While most of us are consistently connected to the Internet and social media, I was two hours late in finding out the devastating news about musical icon, Prince, born Prince Rogers Nelson, today.
While lightly scrolling down my Facebook feed, I saw a picture of Prince posted on one of my friend’s status updates, but one without a tagline or comment. It was simply a photo. No words. And rightly so.
This prompted me to check online as to what was going on with the musical legend. I thought, Mmm, wonder what Prince is up to again…
As soon as I keyed in his name on Google, a list of stories came up with the unbelievable words:
Prince, legendary Purple Rain singer, dies at 57 [CBC]
Prince, pop music superstar, dies in Minneapolis [CTV News]
I screamed at my computer screen, not only shocked, nor bewildered, but in quick denial. Dead?!? What do you mean, ‘dead?!?’ This must be some kind of joke.
I was appalled. And the joke wasn’t funny. Nor was the fact that it wasn’t a joke. I did a quick scroll down the list of news items to verify that yes, Prince, had indeed died. I took a look around me. People were typing away at their computers, others sipping their coffees, still others browsing books and magazines.
I was baffled. Why weren’t these people running in the street screaming the news that a great light has gone? Why was I the only one who seemed clearly affected by this unexpected and unwanted news?
I wanted to cry.
But, of course, I felt silly. Prince did not know me personally, nor did I know him. I wasn’t his wife, his relative, not even a friend.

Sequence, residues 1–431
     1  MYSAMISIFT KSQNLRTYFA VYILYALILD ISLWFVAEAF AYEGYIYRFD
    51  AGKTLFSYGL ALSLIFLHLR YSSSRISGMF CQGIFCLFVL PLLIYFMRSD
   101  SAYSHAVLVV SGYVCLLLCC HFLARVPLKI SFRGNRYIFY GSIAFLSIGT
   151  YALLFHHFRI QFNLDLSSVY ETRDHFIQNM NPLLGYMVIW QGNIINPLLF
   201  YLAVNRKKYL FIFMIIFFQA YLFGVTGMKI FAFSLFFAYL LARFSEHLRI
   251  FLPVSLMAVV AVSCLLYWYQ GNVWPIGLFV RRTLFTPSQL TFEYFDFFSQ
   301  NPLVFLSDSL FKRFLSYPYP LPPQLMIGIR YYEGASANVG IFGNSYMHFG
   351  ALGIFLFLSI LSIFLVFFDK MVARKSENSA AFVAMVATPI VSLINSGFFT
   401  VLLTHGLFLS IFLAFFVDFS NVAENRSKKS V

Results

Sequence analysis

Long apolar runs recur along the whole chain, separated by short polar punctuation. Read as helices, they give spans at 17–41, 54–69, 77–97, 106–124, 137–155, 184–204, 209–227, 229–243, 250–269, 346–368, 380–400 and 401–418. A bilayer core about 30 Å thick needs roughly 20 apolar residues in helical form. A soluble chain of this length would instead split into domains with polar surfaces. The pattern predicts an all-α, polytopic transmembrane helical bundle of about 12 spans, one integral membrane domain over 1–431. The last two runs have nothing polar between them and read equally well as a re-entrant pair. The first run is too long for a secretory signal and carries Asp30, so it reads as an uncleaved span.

Still, I wanted to mourn with someone. I wanted someone to recognize my grief. I wanted to share it with someone who understood to some degree what I was feeling. That a great artist with whom I had spent many days and nights listening to as a child was now no longer here, no longer breathing, no longer able to speak to a multitude of people with his music.
I wanted to cry.
There will be words of sympathy, tidbits of reflection, a trending fire of solemn mourning on social media in which the world will implode with throwback songs, album covers, and odes to the colour purple.
I have nothing against that. It is the nature in which the public can somehow place its grief in a community where it can be acknowledged so that the communal pain can be eased, even if a little, and the memory of a man and his music, remembered and honoured.
I was born in the mid-70’s and so, was largely influenced by 80’s music.
I was raised on the musical magic of the man with the soft voice, his one white glove, and the famous, impromptu Moonwalk he showcased to the world during the Motown 25 show in 1983—Michael Jackson. I was a witness to the news of his hair catching fire during a Pepsi commercial. I was there watching television when he took Emmanuel Lewis and Brooke Shields as dates to the 26th Grammy Awards in 1986.
I was also raised on the controversial woman who introduced huge ribbon headbands, tons of black plastic bracelets, and lace stockings into fashion when song titles like, “Like a Virgin,” was so taboo that parents everywhere raised eyebrows about this young, Italian girl who originated from Michigan, and had the audacity to change her name from Louise Veronica Ciccone to the Catholic, religious icon herself, the Virgin Mary—Madonna.